Arp: A Tussle Alum and Krautrock Aficionado Keeps Moving Forward
- Words: Walter Wasacz
- Photo: Sean McFarland
The conversation comes in intense waves, along with the roar of rush-hour traffic and pedestrian squawks near Manhattan's Madison Square Park, where Alexis Georgopolous, the composer/songwriter/sound mixer/producer who calls himself Arp, has stopped for a bite to eat and a long-distance chat about his life and work. The background is busy and chaotic, but Georgopolous' focus on the music he makes remains steady and razor-sharp.
"There's a thread coursing through all my work, a search for a musical identity that just feels right," he says, cutting through the din. "It's a nebulous space where I find my inspirations. It doesn't come from any one place." Some of that searching and inspiration no doubt began in early childhood, when he split time between northeast Ohio, where his father taught philosophy at Kent State University, and Greece and France, where his family on both sides originates. He went through the cultural studies program at Ohio's Antioch College before spending 10 years in San Francisco, where he was a member of funky post-rock experimentalists Tussle from 2002 to 2006.
After leaving the group, Arp was initially conceived as a sound installation at SF's New Langton Center for the Arts (a show curated by Matthew Higgs of New York's White Columns art space). But it also developed into an ambient song cycle made with electronics and additional strings, released as the full-length In Light in 2007.
Georgopolous moved to New York the following year. "The first three years in San Francisco felt magical. But it eventually lost its verve for me," he says. "New York is so vast, with so many things going on that interest me—classical music, dance, electronics—that I can hardly keep up with it all."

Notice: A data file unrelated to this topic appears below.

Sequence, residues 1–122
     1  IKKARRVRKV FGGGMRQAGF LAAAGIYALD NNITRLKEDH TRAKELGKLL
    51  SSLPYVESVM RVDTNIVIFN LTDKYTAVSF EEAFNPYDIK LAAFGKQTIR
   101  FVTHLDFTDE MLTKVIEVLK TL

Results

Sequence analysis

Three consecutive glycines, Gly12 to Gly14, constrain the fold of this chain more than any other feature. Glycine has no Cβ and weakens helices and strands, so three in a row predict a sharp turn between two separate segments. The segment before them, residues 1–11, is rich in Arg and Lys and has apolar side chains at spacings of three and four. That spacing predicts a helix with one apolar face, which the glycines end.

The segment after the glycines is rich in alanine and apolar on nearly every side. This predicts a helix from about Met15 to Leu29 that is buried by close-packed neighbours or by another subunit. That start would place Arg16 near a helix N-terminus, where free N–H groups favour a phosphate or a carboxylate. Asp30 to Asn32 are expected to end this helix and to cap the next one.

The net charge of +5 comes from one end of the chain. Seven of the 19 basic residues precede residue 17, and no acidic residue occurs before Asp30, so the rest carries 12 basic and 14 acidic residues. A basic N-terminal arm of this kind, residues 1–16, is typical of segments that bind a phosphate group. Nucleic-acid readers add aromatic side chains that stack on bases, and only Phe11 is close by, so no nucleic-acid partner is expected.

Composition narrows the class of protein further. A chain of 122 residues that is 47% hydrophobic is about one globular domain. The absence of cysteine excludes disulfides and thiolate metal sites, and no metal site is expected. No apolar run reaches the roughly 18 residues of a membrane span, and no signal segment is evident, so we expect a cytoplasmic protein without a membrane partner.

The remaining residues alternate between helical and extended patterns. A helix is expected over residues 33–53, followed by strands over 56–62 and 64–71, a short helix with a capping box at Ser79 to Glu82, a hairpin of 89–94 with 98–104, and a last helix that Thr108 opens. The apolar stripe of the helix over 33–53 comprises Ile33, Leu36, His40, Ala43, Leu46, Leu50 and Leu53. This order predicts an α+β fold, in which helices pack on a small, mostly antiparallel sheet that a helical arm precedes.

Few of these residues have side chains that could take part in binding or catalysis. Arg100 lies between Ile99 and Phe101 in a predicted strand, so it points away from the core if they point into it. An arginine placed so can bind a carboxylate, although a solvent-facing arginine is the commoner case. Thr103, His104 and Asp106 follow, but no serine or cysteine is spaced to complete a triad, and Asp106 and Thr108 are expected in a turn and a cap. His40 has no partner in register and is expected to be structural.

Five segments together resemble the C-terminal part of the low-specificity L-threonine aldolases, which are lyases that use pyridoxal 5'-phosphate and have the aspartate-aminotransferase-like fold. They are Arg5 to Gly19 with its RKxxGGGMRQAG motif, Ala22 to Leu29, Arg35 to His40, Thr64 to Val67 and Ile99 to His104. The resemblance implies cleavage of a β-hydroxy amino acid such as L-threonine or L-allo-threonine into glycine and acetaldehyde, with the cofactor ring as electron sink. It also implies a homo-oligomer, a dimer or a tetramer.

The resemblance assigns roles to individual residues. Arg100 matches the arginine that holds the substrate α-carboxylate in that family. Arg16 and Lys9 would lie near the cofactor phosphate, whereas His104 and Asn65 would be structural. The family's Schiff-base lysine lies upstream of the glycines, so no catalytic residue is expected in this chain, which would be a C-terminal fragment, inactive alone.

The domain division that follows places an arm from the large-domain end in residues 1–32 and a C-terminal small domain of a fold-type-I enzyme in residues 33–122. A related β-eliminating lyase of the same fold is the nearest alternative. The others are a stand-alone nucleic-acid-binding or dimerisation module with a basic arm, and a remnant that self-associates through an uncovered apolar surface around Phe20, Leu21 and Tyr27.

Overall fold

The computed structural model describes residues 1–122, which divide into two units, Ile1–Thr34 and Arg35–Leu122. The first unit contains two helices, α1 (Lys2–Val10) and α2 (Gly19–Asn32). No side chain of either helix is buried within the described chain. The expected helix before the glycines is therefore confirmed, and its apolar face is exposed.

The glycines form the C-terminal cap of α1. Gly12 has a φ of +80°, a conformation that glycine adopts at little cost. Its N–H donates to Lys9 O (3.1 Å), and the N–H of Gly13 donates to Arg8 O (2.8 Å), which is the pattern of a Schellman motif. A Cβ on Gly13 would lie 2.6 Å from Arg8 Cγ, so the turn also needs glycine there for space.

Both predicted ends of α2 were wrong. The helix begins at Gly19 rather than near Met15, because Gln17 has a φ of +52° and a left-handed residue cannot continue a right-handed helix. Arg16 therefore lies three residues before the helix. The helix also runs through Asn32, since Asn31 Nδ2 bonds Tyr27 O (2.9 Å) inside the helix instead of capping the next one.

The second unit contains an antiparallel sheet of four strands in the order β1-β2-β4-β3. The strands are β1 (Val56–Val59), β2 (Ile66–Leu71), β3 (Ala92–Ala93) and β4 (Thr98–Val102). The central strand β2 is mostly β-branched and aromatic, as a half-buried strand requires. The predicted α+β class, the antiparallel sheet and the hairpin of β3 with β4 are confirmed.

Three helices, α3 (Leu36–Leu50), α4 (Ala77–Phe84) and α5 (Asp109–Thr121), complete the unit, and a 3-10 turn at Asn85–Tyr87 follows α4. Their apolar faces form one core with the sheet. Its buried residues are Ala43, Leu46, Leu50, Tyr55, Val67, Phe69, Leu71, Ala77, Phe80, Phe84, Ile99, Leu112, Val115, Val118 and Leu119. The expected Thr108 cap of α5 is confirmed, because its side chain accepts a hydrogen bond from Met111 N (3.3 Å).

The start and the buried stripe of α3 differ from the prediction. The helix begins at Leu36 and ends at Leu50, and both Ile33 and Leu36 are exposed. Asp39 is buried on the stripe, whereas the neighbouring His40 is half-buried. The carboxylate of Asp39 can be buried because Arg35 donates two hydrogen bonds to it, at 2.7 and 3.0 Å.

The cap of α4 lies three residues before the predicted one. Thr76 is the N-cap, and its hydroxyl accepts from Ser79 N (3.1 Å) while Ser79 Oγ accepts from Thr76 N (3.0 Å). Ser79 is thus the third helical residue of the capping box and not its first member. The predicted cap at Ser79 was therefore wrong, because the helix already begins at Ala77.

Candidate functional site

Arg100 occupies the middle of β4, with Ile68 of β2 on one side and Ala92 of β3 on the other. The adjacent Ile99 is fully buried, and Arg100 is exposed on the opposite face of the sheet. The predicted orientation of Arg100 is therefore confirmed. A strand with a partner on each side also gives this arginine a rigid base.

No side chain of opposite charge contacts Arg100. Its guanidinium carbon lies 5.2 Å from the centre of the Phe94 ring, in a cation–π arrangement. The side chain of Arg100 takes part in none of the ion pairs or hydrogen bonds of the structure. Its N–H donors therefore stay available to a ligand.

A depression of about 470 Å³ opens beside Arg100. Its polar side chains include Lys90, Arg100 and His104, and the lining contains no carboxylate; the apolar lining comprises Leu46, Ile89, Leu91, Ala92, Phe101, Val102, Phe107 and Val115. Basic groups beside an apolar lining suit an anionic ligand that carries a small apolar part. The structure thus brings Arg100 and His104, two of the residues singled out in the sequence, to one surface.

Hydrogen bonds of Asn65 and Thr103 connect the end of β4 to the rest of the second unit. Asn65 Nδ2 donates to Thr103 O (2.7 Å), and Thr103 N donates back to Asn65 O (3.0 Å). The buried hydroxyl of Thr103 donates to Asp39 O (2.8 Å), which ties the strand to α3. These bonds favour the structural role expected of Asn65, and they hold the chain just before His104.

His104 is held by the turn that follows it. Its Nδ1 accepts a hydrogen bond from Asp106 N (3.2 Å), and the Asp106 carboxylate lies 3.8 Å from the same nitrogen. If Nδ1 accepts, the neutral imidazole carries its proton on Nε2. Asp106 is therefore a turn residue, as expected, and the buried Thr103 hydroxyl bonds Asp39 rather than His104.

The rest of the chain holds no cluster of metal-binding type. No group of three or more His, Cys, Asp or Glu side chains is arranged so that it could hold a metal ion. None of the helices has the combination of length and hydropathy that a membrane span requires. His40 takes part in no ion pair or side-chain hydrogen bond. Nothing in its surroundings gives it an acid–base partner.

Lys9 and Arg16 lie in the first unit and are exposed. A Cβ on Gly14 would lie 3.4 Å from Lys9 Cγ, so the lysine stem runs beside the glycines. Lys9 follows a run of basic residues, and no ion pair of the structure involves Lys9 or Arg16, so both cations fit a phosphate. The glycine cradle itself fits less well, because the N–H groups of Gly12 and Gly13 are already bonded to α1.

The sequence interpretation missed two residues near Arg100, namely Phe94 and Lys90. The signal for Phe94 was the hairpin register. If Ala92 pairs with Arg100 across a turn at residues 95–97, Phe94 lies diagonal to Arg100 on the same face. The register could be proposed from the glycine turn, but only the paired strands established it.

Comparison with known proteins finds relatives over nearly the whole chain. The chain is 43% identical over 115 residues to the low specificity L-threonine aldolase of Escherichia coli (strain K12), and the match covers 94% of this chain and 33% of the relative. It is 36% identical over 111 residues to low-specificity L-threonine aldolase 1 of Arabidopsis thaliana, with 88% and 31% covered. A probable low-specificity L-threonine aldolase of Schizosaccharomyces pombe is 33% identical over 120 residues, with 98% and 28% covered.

More importantly, the frenetic pace of the city's arts scene has quickly found a way to keep up with Georgopolous, who was commissioned to compose a score for a duet between Merce Cunningham and Trisha Brown dancers, has done more sound installation and other collaborative gallery work, and was also selected to be part of The Boredoms' 88-drummer live performance spectacle in Los Angeles in 2008. As a member of the Alps, a trio that blends soft French and Italian psychedelia with harder elements of German cosmic rock, he's released two acclaimed LPs on Type. And earlier this year, he collaborated with Slapp Happy co-founder Anthony Moore.
Arp's new release, The Soft Wave, recombines all his influences into a highly addictive package that recalls groundbreaking art rockers like Eno, Bowie, Cale, Wyatt, and Cluster, while steering clear of mere copyism.
As Arp, Georgopolous dares to enter the established canon and finds its contents timeless, ripe and ready for the re-shaping. But he doesn't stop there. On "High Life" he adds melodic Juju guitars and West African rhythms; "White Light" borrows fuzz and Fender Telecaster strum from the Velvet Underground; and then there are classic analog synth sounds strewn about as well.
"I'm constantly moving around in the music I love," he says. "I'm learning I can make different kinds of records, none of which I hope are an escape into the past, but a continuation of experiments begun by great artists."
The Soft Wave is out now on Smalltown Supersound.
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